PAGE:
I have devoted several posts to Matthew’s genealogy, and I realized it’s only fair for me to say something about Luke’s as well.  As you may know, these are the only two Gospels — in fact the only two books of the New Testament — that provide an account of Jesus’ birth and very young life, the “infancy narratives.”  In Mark Jesus shows up as an adult, and so too in John.  They say nothing about the circumstances of his birth, nothing, for example, of his mother being a virgin, of him being born in Bethlehem, of .. of any of the stories celebrated every Christmas.  Either do any of the other books of the NT.  That in itself is a striking fact.   An “essential doctrine” of Christianity such as the Virgin Birth — said by many Christians to be a decisive doctrine: anyone who denies it (lots of Christians say), cannot be Christian.  Yet 25 of the 27 books in the NT say nothing about it.  Did they know about it?  How could we say?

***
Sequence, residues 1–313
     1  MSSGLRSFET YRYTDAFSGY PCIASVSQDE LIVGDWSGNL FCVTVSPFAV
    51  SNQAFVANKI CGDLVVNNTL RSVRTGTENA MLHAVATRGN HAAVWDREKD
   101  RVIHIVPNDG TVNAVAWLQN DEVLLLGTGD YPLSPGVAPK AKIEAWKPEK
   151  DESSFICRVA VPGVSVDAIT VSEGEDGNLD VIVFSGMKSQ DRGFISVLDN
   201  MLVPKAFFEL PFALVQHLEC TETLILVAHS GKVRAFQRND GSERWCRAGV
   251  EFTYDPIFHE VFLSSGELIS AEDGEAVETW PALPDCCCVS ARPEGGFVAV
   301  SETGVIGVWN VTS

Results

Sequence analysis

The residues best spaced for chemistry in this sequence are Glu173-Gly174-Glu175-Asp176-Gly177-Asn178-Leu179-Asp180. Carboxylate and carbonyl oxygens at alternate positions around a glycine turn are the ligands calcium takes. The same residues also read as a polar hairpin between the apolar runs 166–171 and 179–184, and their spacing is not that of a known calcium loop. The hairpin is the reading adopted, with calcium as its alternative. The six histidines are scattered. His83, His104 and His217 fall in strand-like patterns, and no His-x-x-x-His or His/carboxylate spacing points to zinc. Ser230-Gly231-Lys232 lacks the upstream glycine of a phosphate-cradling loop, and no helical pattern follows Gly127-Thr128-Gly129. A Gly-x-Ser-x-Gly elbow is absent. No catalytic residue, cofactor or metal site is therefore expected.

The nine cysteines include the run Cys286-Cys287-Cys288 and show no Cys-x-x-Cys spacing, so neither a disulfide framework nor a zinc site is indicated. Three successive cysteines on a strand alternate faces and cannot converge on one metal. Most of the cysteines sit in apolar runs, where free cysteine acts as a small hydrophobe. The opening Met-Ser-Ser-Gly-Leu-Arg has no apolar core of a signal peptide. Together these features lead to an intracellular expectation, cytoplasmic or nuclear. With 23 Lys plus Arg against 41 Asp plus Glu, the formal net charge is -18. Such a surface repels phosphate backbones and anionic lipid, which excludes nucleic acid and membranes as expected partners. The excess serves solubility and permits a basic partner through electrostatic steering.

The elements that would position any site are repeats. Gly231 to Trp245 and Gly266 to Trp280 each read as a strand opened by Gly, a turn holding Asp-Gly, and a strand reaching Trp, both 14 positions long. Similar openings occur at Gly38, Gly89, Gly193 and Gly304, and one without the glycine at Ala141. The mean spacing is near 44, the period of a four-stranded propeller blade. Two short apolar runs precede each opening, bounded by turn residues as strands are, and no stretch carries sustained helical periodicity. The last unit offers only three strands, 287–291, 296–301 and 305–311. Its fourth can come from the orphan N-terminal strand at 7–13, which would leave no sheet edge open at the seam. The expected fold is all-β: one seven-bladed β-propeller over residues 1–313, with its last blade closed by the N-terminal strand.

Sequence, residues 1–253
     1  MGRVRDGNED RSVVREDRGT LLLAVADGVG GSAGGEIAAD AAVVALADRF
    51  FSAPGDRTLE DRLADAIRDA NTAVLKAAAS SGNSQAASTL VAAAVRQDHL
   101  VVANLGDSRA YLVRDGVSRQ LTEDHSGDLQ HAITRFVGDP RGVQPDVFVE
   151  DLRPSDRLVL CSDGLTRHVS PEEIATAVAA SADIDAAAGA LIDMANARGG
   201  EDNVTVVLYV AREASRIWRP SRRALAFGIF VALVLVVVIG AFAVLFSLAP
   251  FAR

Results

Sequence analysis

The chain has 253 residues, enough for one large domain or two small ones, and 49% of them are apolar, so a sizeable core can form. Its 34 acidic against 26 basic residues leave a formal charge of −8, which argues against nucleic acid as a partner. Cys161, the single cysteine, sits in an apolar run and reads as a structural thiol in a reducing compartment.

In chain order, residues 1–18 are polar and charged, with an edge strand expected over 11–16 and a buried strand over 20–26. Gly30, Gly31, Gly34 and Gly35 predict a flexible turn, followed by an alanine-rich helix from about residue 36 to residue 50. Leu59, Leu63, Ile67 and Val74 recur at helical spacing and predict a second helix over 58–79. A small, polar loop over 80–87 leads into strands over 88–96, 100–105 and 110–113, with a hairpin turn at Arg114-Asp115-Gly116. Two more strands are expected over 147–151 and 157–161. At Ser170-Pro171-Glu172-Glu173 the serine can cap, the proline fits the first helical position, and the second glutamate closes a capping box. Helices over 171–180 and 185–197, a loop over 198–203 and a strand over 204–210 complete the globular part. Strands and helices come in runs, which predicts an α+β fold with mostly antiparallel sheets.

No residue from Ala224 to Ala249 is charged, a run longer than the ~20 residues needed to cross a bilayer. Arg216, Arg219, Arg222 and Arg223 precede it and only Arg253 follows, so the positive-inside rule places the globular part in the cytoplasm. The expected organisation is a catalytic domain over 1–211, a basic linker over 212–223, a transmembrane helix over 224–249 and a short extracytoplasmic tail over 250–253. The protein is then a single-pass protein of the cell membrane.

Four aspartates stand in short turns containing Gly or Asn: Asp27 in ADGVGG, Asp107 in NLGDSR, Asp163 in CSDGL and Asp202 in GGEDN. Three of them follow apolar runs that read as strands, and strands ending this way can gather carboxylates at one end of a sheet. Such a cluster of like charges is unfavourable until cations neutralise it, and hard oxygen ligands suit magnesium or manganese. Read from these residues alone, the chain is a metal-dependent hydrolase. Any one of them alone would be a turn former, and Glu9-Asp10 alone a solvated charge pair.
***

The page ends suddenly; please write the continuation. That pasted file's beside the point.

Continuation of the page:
In any event, Matthew and Luke both give a genealogy of Jesus.  Matthew’s occurs where you would expect it– at the time of Jesus’ birth; Luke, oddly, gives his genealogy not when Jesus was born but when he was *baptized* in chapter 3 (!).  Go figure.   Anyway, this is not the only difference between the two infancy narratives (they are WAY different.  Just read them carefully next to each other to see) and definitely not the only difference between their genealogies.  On the contrary, as it turns out, they are actually *different* genealogies!   UH???? . You can easily notice a lot of these differences yourself, just by reading them (Matt. 1:1-16 and Luke 3:23-38), again, carefully, and comparing them side by side..

Want to keep reading!   Join the blog.  It’s easy.  It’s inexpensive.  And the entire fee goes to help those in need.